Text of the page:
Cuban dissidents released from jail
Two well-known Cuban dissidents have been released from prison - despite both men previously declaring they wanted to remain in jail until other opposition leaders were freed.
The release of Hector Maseda and Angel Moya means that just seven of the original 75 opposition figures arrested in a 2003 crackdown remain in Cuban jails - but neither was happy about it.
The decision to release Mr Moya was announced more than a week ago, but he had refused to leave jail - saying he wanted ailing dissidents to go free first.
On Friday, the Roman Catholic Church announced that the government wanted to release Mr Maseda, but he too turned them down, saying he wanted authorities to exonerate or pardon him, not simply grant him parole.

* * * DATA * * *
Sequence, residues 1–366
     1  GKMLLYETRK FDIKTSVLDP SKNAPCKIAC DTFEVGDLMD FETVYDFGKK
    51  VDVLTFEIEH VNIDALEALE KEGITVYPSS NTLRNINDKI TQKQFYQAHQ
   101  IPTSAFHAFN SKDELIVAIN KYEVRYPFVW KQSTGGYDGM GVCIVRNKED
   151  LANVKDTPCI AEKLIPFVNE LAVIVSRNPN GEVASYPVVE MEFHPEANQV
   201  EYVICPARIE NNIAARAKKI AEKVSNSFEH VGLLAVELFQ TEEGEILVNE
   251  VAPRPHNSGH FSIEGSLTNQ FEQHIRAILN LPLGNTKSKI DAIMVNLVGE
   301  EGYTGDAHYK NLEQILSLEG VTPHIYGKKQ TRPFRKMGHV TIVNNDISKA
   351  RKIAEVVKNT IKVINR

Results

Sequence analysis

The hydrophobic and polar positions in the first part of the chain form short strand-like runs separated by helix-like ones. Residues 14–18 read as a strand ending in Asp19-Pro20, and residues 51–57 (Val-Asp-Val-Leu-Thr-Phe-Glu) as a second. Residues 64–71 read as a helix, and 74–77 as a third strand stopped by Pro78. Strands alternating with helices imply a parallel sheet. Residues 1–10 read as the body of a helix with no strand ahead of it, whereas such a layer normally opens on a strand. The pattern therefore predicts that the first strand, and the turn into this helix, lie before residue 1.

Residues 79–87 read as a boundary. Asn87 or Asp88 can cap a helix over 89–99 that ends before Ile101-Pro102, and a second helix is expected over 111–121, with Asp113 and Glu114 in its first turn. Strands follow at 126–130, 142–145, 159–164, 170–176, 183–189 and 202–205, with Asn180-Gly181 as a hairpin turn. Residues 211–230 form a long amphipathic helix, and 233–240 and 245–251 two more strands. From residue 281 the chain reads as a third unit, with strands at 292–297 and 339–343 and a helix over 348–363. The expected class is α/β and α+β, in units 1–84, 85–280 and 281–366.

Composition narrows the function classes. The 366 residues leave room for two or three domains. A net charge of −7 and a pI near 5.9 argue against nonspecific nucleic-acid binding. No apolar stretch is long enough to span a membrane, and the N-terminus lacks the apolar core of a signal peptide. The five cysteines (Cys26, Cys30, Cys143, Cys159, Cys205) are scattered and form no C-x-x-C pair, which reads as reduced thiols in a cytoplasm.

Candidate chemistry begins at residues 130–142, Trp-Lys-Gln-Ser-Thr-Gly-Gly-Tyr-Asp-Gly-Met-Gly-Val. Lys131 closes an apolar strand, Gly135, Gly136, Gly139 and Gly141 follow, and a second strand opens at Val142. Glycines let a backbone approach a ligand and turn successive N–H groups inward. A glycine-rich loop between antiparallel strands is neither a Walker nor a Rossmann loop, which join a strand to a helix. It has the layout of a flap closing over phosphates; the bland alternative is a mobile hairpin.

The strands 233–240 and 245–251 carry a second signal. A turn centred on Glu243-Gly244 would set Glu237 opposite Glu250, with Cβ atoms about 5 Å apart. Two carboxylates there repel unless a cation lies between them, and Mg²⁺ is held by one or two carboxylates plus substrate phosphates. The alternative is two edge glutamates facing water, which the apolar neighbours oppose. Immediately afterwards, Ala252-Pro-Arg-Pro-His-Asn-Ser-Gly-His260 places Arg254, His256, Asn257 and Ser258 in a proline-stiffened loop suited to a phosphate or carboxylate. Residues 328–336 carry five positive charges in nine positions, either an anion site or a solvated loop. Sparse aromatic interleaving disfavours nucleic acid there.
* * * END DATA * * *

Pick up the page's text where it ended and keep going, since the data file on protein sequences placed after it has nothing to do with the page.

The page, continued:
In the end, jail officials simply tossed the men out, saying they could no longer stay behind bars, even if they wanted to.
"I have left prison against my will," Mr Maseda told journalists after arriving at his home in the capital, Havana. "I never would have accepted leaving jail on parole."
Mr Moya arrived at his home a few hours later, also saying he was thrown out of jail against his will.
A small group of pro-government demonstrators screamed at him from the street, shouting slogans like "Fidel! Fidel! Down with the worms!"
Mr Maseda, 67, is the husband of Laura Pollan, and Mr Moya is married to Bertha Soler, two leaders of the Ladies in White opposition group.
The group, which is comprised of the wives and mothers of jailed opposition figures, has marched peacefully through the capital each Sunday since 2003.